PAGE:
Facebook Inc (NASDAQ:FB) named Chief Operating Officer Sheryl Sandberg a director on Monday, elevating the first woman to a board that includes seven men.
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For years one of the most vocal critics of the gender imbalance in Silicon Valley's executive ranks, Sandberg, 42, joined Facebook in 2008 and played a central role in guiding the social networking company to its $16 billion IPO in May.
Her promotion comes as Facebook seeks to cultivate a more mature image as opposed to the college dorm-room startup reputation that has dogged the company since Harvard dropout Mark Zuckerberg founded it in 2004.
"Sheryl has been my partner in running Facebook and has been central to our growth and success over the years," Zuckerberg, 28, said in a statement. "Her understanding of our mission and long-term opportunity, and her experience both at Facebook and on public company boards makes her a natural fit for our board."
Still, even after Facebook elevated Sandberg on Monday, the composition of its board remains a continuing point of scrutiny for a young company that has touched countless industries and boasts close to a billion users from every corner of the world.
The California State Teachers' Retirement System, the second-largest largest pension fund in the United States, which owns 36,922 shares of Facebook, applauded Sandberg's promotion, but urged the company to "continue diversifying the board toward greater independence and representation of the Company's user base."
Apart from Sandberg, the company's board is made up of seven Caucasian men, largely Silicon Valley insiders aligned closely with Zuckerberg. They include Zuckerberg himself; venture capitalists James W. Breyer, Marc Andreessen and Peter Thiel; Washington Post Co chairman, Donald E. Graham; Netflix CEO Reed Hastings; and Erskine Bowles, a former White House chief of staff and the University of North Carolina president emeritus.
"We are optimistic Facebook is on its way to further expanding the board while simultaneously creating the diversity and independence we think is important to the future sustainability of this vibrant company," said Jack Ehnes, CEO of the California State Teachers' Retirement System. But, he added, "We're not there yet."
Prior to joining Facebook to lead its business operations, Sandberg worked at Google, where she was credited with building the search advertising division into a massively lucrative cornerstone of the web giant's business.
She has been tasked with stoking similar growth at Facebook, which claimed $3.7 billion in revenue last year, but is under pressure to justify its $70 billion valuation in the public markets.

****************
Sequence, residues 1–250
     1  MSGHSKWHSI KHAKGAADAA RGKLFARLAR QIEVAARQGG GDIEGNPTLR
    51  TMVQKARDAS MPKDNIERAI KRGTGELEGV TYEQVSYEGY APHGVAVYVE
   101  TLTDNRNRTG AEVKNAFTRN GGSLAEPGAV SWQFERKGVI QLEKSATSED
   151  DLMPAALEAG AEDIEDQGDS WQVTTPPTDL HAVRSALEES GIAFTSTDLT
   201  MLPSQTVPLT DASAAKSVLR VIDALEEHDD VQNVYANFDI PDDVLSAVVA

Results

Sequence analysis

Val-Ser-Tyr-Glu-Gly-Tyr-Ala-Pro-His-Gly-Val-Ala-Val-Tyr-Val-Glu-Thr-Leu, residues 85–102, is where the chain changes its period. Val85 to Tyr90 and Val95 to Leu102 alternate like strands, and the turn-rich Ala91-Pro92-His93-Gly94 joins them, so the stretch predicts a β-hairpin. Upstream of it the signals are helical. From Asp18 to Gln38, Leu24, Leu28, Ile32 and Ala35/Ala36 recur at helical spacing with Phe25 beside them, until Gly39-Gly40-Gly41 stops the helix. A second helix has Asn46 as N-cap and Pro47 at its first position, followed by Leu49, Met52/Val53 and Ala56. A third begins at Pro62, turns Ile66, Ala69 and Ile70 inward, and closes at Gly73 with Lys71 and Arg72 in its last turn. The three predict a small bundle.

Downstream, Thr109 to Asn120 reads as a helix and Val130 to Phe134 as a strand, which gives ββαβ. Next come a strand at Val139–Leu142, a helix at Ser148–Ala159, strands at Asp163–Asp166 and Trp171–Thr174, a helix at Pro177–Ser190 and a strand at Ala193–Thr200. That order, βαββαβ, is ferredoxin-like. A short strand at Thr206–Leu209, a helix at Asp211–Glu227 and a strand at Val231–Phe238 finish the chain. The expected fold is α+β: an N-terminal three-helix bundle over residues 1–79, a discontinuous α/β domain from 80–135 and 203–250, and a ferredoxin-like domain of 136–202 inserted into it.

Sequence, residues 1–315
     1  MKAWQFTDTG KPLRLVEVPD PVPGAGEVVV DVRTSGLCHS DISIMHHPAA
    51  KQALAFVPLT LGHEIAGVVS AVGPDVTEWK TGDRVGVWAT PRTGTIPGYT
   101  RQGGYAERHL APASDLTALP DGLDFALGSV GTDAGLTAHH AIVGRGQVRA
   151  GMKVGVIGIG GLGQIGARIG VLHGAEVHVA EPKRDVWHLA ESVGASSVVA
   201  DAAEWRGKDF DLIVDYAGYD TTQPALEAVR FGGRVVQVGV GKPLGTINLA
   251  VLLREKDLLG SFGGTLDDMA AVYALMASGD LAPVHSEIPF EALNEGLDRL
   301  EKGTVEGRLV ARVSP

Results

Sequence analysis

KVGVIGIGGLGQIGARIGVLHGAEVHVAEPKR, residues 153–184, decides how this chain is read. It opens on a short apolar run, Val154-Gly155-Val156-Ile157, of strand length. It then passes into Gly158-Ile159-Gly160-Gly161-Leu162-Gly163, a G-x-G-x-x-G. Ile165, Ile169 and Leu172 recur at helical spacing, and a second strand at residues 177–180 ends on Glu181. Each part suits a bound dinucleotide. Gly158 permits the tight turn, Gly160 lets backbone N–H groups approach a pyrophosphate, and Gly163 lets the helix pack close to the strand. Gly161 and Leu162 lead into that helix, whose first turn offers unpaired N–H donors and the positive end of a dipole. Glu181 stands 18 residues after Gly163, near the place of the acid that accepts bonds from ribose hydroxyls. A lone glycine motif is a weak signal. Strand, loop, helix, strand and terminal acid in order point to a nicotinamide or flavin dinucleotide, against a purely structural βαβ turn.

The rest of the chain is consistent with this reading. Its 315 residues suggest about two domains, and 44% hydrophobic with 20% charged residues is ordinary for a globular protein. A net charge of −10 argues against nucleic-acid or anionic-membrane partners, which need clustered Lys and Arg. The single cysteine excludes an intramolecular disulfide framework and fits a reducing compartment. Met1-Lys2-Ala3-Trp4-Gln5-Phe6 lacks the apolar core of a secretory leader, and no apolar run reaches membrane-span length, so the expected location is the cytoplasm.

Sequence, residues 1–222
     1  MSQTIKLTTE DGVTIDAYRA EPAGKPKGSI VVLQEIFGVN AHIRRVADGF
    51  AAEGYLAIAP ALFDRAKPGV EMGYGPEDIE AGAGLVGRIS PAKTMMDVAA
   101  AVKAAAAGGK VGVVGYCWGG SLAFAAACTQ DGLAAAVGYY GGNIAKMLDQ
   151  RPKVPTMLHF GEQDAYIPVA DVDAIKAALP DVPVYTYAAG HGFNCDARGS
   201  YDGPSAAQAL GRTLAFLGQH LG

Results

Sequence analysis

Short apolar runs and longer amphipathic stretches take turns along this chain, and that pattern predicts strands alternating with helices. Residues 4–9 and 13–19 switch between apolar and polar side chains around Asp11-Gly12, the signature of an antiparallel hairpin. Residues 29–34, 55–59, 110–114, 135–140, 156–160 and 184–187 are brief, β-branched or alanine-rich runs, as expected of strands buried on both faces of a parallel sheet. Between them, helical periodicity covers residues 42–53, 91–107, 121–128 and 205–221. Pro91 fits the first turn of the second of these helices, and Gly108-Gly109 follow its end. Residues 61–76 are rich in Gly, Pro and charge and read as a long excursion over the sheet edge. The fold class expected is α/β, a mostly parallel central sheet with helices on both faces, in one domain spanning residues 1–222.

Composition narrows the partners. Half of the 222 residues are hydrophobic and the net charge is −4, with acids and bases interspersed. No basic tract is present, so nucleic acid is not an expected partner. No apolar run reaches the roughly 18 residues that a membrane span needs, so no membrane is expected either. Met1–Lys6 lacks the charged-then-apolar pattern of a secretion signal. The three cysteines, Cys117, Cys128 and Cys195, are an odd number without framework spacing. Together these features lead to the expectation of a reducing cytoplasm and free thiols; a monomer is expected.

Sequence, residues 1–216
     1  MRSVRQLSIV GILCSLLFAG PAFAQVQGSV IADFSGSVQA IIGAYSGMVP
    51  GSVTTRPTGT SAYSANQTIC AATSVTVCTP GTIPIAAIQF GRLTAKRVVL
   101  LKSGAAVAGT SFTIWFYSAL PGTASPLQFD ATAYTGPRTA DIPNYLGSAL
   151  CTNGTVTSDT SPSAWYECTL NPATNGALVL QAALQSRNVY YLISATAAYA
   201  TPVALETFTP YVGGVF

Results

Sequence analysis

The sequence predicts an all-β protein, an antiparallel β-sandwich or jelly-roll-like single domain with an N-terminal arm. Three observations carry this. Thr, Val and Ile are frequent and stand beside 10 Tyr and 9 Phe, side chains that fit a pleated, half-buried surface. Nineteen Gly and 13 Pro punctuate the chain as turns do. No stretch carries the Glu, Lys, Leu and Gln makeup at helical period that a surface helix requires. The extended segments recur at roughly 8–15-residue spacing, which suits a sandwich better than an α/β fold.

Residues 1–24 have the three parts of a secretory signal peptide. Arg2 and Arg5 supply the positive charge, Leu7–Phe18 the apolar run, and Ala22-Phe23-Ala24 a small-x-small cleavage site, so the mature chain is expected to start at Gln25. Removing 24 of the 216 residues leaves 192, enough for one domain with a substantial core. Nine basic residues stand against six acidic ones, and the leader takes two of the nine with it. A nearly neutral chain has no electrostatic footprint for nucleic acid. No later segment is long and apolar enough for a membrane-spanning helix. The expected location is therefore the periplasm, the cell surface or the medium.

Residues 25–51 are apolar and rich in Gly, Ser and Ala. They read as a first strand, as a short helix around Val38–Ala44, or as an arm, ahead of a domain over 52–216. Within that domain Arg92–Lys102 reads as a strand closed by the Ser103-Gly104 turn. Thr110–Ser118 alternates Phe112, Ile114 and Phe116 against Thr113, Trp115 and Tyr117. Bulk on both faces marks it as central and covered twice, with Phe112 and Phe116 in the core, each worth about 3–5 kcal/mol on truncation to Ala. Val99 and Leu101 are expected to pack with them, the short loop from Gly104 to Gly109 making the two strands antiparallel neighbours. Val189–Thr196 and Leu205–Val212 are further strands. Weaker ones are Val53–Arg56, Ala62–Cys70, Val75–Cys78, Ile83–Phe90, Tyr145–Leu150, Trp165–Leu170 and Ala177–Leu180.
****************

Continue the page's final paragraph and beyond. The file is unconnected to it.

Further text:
At the same time, Facebook hopes the promotion of one of corporate America's most high-profile women will go some way to allay over its own gender issues, especially given Sandberg's advocacy on the subject.
In February, before Facebook went public, the teachers' retirement system openly urged the company to diversify its board to include women and said then the makeup of the all-male panel was "disappointing."
In April, the women's rights group UltraViolet held a protest outside Facebook's New York offices over the same issue.
The Menlo Park-based company faced embarrassment as recently as last week when the Wall Street Journal published advance excerpts of a memoir by Katherine Losse, an early employee, who recounted being harassed and propositioned by male co-workers until Sandberg intervened when she came onboard.
In recent years, Sandberg's clout within Facebook has been unquestioned while she has also served as its public face, often in place of the sometimes socially-awkward Zuckerberg, who has focused on improving Facebook's product.
Meanwhile, Sandberg has represented the company at events like the World Economic Forum in Davos, Switzerland, where she led a panel on women's advancement in January.
A former chief of staff to Treasury Secretary Lawrence Summers during the Clinton administration, Sandberg holds seats on the board of Walt Disney Co and several non-profit organizations.
"Facebook is working every day to make the world more open and connected," she said in a statement. "It's a mission that I'm deeply passionate about and I feel fortunate to be part of a company that is having such a profound impact in the world."
Under Sandberg's stewardship, Facebook navigated its rocky IPO in May, but still faces a litany of growing pains, chief among them are its regular brushes with privacy controversies that threaten to erode the eight year-old service's popularity.
On Monday, the social network was again subject to fresh accusations that it had tampered with user privacy by changing the email contact listed for every user to a facebook.com address without notification.
Facebook defended the move, saying it was part of a broader, earlier effort to enhance "consistency" to the service.
"As we announced back in April, we've been updating addresses on Facebook to make them consistent across our site," a Facebook spokeswoman said. "In addition to everyone receiving an address, we're also rolling out a new setting that gives people the choice to decide which addresses they want to show on their timelines."
Facebook shares closed down 3 percent at $32.06 on Monday, still more than 15 percent off of its May offering price despite a rebound in recent weeks.